Article 29 Working Party expressed its opinion in the SWIFT case

By EDRi · December 6, 2006

(Dieser Artikel ist auch in deutscher Sprache verfügbar)

On 21-22 November 2006, an opinion was adopted by the Privacy Commissioners
represented by Article 29 Working Group ruling against the Society for
Worldwide Interbank Financial Telecommunication (SWIFT) for having
transferred transaction details to the US.

The Privacy Commissioners wanted to point out again that fighting terrorism
and crime should not lead to limiting citizens’ fundamental rights and
strongly emphasized the need to observe data protection principles.

The Working Group decided that SWIFT, as a corporative company based in
Belgium, was subject to Belgian data protection law that implemented the
European Directive on data protection. It also decided that the financial
institution in EU using SWIFT were in their turn subject to the national
data protection laws implementing the EU directive as well.

The Commissioners considered that SWIFT was the primary responsible for the
processing and mirroring personal data while some responsibility for the
processing of their clients’ data came to the financial institutions. They
also decided that SWIFT had to comply with the EU directive for data
protection and that the financial institutions using SWIFT’s services had to
comply with the national laws on data protection.

Among the obligations, SWIFT must notify the processing and provide an
adequate level of protection for the data transferred. The financial
institutions have the obligation to verify that SWIFT complies with the law
and must have the necessary knowledge on the payment systems with their
characteristics and risks. The Working Party also thought that, for the
purpose of transparency, the financial institutions should advise their
clients in cases when the transfer of their data involved certain risks.

It was considered that SWIFT was also in breach of the EU Directive by
the lack of transparency and efficient control in the data transfer
operations and by not observing the proportionality and necessity principles
as well as the guarantees for the personal data transfer to a third country.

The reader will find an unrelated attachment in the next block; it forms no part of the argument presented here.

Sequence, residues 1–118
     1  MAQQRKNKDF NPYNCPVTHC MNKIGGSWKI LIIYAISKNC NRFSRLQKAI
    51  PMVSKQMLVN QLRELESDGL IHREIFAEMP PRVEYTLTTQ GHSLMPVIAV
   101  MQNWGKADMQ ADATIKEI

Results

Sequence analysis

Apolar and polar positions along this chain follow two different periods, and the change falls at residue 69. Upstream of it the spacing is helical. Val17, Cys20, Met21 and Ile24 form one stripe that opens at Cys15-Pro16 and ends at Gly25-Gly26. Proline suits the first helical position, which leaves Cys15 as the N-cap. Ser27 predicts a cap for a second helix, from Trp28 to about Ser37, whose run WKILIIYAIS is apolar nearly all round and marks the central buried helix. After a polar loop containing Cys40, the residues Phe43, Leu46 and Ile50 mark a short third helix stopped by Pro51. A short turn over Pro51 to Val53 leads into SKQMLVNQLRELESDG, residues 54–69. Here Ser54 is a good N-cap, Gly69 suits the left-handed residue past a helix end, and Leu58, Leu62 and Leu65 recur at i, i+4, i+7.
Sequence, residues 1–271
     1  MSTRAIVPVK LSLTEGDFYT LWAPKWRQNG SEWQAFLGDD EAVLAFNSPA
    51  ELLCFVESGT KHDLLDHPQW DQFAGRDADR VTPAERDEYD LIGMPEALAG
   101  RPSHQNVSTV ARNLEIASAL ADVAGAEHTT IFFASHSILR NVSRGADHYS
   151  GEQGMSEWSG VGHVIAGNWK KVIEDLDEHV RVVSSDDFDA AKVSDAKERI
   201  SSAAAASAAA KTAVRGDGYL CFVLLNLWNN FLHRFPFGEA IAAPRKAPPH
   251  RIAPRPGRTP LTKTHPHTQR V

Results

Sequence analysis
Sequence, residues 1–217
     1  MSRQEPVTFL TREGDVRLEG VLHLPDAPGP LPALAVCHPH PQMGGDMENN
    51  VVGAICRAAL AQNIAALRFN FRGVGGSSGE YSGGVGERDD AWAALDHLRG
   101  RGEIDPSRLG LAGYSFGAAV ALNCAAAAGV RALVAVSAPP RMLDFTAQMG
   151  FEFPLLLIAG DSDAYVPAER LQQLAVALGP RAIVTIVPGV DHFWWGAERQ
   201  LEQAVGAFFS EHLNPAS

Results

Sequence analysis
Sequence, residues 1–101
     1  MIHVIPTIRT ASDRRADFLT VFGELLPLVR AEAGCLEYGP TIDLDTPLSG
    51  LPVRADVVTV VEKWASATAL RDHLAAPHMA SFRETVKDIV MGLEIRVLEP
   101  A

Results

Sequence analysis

Regarding the transfer of data to the US Treasury, the Working Party
considered that “.. the hidden, systematic, massive and long-term transfer
of personal data by SWIFT to the UST in a confidential, non-transparent and
systematic manner for years without effective legal grounds and without the
possibility of independent control by public data protection supervisory
authorities constitutes a violation of the fundamental European principles
as regards data protection and is not in accordance with Belgian and
European law.”

The Working Party Opinion asks for the immediate cessation of the
infringements by SWIFT and the financial institutions and the compliance
with the European and national laws on data protection.
It also urges the financial institutions to inform their clients on the way
their personal data are processed and to advise them about the fact that US
authorities might have access to these data.

The Commissioners wanted to emphasize again that the terrorism fighting
measures must not limit the fundamental rights of citizens considering that:
“A key element of the fight against terrorism involves ensuring the
preservation of the fundamental rights which are the basis of democratic
societies and the very values that those advocating the use of violence seek
to destroy.”

Press Release on the SWIFT Case following the adoption of the Article 29
Working Party opinion on the processing of personal data by the Society for
Worldwide Interbank Financial Telecommunication (SWIFT) (23/11.2006)